Jyotsna Srikanth is not ‘simply’ a renowned London-based Indian artist and significant contemporary exponent of the Carnatic tradition nor even ‘just’ a delightful violinist, but also a forward-looking artistic director and event organizer.
In this latter dress thanks to the help of Dhruv Arts, she’s imagined and realized an intriguing Festival, which showcases both young and established acts who are enlightening the British capital music scene.
The London International Arts Festival, which will run for five days throughout the first week of November, debuted three years ago as a tribute to the sounds coming from the Indian Carnatic tradition.
But, the Festival also cares about the opportunity to mix those sounds with the many music influences coexisting in London.
Since 2012, the event’s hosted musicians coming from India, but also South America, Turkey, Mexico, U.S.A. and the Balkans who have been able to create an attractive mixture of rhythms and styles. The 2015 edition will carry on the path already mapped and undertaken by its predecessors.
Oslo, Stage 3, Rich Mix, Redbridge Town Hall and Jazz Café will be the venues hosting the gigs and workshops, but also impassioned to “communicate arts” in an effective way to the many communities composing the London urban fabric.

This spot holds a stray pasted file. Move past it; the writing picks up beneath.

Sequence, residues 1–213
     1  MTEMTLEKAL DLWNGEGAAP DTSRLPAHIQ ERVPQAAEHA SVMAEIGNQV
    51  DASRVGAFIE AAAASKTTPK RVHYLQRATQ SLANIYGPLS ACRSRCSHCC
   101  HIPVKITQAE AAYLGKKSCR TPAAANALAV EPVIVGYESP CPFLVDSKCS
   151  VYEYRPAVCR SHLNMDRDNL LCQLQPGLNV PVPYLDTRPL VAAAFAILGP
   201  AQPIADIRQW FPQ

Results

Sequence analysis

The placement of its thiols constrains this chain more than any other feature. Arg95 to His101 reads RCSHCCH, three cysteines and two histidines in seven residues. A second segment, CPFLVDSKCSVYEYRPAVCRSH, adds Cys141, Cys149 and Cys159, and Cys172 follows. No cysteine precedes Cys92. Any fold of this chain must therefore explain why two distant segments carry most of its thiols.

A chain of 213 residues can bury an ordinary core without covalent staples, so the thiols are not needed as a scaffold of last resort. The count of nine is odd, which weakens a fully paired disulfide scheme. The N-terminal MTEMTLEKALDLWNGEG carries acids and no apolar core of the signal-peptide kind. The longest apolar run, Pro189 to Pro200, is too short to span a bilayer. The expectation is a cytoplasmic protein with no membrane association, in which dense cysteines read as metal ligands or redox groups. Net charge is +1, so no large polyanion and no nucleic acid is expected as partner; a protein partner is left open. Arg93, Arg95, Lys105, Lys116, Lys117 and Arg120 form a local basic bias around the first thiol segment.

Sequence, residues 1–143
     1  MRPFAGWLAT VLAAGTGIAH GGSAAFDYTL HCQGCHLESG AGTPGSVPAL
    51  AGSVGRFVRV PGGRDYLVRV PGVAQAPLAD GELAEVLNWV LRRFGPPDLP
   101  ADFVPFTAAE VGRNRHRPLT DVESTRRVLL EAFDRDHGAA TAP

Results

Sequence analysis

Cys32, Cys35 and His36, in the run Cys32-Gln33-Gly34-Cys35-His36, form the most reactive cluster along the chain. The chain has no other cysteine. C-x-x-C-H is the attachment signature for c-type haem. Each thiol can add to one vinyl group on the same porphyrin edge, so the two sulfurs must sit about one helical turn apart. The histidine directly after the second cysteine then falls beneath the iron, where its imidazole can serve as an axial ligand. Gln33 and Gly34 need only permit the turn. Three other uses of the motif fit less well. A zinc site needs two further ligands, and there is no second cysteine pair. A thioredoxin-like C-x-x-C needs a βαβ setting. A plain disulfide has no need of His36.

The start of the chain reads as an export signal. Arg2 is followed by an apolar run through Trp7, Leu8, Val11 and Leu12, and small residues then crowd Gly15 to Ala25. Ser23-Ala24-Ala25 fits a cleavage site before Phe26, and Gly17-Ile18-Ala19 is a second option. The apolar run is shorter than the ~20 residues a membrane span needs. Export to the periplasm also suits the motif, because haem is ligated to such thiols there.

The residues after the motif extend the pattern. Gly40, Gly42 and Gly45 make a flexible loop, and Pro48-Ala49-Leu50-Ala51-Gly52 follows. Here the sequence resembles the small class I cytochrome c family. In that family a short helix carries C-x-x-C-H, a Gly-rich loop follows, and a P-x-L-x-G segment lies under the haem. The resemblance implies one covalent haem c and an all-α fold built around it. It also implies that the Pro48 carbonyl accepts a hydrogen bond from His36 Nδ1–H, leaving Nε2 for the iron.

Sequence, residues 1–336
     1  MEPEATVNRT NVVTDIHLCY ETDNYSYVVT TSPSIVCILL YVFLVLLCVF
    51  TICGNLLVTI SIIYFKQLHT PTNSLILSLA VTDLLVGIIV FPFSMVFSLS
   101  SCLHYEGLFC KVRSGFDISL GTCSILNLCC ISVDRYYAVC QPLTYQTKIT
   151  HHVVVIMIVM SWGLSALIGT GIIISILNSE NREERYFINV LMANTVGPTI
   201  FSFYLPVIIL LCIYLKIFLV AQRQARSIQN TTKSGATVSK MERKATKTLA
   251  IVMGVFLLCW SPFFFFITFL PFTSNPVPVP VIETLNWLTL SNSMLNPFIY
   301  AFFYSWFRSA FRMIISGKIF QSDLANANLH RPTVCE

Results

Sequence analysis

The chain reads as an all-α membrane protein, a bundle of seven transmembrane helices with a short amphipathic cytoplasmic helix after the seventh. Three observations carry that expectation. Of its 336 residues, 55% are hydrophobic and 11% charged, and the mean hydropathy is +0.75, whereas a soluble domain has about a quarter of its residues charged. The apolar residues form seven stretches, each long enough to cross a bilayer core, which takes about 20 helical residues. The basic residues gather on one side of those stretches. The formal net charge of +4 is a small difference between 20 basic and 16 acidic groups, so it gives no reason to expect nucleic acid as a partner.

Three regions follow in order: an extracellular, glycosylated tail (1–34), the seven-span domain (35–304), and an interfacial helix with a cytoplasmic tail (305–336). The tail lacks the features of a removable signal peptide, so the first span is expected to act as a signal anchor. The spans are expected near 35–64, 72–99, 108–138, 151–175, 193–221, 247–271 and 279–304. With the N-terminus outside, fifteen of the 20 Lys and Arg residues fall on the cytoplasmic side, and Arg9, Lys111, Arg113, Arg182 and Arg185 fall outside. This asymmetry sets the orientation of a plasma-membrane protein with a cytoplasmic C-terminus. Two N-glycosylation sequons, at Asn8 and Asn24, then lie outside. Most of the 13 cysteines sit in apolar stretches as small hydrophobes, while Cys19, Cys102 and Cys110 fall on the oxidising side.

To start off the event, Oslo will introduce its audience to the festival mood thanks to a particular evening, during which world-fusion ensemble Kefaya will share the stage with Japanese influenced singer Mina and classically trained South Indian artist Manorama Prasad.
The second day will knock down music tradition borders when Stage 3 will present iyatra Quartet playing their global blend or Indian raga, Balkan energy and Brazilian softness, Tumbaito with their afro/Latin jazz and an engaging ending jam session with world and jazzy patterns.
Then, the next day Rich Mix will arguably hosts the highlight of the Festival.
On the 6th of November, Southern Indian sounds will join European and London ones to create a unique atmosphere, enlightened by electronic underground and cutting-edge beats, Carnatic traditional references and percussion virtuosity.
The East-London venue will indeed see on its stage the talent of Jyotsna Srikanth followed by Bernhard Schimpelsberger throbbing solo performance, Osmani Soundz visionary soundscapes and Talvin Singh all-round artistry.
While during the afternoon of the 7th of November, Redbridge Town Hall will wear some colourful traditional Southern Indian dress.
In fact, for five hours, the venue will showcase some brilliant talents enriching the Carnatic and Bengali folklore.
Among them Mahathi and her fine vocal technique, distinguished percussive trio Southern Rhythms and Bells in Sync reviving Bharathanatyam and Kuchipudi Indian classical dance forms.
The Festival will round off with another all-embracing musical experience.
The Jazz Cafè will open its doors to the eclectic and airy tunes performed by the trio Human Beamings and global sound presented by one of London artistic pride and joy: Grand Union Orchestra.
London International Arts Festival is the proof that to stage an intriguing cultural event able to enrich people and fulfill their cultural curiosity, it needs good will and musicianship.
When there’s an organic and stimulating project to build upon, you won’t even need to line-up any artsy-fartsy, much-publicised and acclaimed acts.